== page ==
FOOL ON THE HILL
Given this year's general market slide, investors may be wondering if they are cut out to be successful long-term. When thinking about what tomorrow's big winning stocks may be, it's useful to adopt the same approach as the most successful investors out there. Big investing wins come from areas that are not-so-obvious, and that's where investors today should be focusing their attention.
Over the course of the past few months, more than a few investors have no doubt wondered privately -- and perhaps even publicly -- whether they indeed have what it takes to be a successful long-term investor. This type of investing query falls into the not-so-obvious category. Given the recent market experience, it's hard to determine if the whole of this year's losses owe more to past analytical misjudgements on the part of individual investors or a temporary fit from a bipolar Mr. Market. As always, time will tell. But either way, the full ramifications of this year's stock market stumble are yet to be seen. As Sartre once put it, "What is important is not what happens to us, but how we respond to what happens to us."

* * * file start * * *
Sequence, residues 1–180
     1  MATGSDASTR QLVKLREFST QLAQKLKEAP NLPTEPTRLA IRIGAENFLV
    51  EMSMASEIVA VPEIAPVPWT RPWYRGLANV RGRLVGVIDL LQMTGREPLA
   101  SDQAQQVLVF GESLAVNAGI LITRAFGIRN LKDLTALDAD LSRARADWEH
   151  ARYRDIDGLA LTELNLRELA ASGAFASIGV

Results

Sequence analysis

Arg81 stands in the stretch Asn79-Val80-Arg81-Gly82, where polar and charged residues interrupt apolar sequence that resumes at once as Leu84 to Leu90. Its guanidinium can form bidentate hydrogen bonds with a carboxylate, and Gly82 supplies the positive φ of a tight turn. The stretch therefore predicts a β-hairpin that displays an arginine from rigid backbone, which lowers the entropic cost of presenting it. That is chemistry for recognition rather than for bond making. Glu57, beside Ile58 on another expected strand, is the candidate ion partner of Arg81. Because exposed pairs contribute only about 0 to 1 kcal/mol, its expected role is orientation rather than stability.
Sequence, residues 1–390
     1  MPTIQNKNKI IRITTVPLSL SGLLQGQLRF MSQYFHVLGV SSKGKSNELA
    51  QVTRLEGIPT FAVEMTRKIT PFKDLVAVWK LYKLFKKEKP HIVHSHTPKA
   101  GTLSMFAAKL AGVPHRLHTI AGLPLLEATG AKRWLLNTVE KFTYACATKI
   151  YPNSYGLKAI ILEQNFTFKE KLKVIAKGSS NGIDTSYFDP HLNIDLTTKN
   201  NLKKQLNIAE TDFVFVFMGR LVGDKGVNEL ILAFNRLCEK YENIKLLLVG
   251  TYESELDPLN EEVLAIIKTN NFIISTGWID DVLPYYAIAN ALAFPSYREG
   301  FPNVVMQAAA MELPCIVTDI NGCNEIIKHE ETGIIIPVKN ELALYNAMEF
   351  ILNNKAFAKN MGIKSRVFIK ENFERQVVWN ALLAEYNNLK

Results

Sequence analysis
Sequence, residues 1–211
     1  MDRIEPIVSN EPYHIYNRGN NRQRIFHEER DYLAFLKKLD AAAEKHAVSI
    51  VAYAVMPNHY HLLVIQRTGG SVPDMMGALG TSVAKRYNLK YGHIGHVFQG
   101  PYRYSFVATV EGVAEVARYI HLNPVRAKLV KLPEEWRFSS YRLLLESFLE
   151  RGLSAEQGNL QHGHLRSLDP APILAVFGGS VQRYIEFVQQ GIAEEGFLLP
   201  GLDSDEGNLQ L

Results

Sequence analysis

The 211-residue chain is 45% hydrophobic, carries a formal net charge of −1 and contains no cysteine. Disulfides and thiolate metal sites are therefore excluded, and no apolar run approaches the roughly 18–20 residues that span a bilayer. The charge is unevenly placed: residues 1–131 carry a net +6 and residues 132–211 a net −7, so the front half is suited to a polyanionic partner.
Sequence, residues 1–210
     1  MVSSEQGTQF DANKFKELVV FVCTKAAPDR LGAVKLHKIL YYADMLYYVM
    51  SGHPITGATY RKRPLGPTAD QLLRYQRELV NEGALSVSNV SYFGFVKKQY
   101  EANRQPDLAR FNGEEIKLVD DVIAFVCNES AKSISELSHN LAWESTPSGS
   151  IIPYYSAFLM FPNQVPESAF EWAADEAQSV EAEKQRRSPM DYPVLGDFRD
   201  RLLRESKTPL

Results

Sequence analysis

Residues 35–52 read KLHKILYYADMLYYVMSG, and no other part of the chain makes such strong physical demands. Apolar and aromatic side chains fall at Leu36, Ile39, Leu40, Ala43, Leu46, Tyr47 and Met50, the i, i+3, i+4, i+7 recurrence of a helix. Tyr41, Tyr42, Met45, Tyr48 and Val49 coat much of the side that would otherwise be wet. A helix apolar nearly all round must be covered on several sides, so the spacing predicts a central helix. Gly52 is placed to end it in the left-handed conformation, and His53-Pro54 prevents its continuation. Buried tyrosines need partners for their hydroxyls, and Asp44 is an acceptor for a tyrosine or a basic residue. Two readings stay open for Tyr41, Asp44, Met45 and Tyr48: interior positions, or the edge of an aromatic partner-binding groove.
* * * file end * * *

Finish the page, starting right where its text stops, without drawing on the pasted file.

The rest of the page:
With that in mind, it may not be a bad idea for individual investors today to reflect upon the keys to successful long-term investing in the past. Most investors have at least heard of the long-run, market-beating track record of Berkshire Hathaway's (NYSE: BRK.A) Warren Buffett. Some may even be familiar with a few of Buffett's grand slam investments over the years. A few examples include his well-known purchases of Washington Post Co. (NYSE: WPO) in 1973, GEICO in 1976, Coca-Cola (NYSE: KO) in 1988-89, and Wells Fargo (NYSE: WFC) in 1990.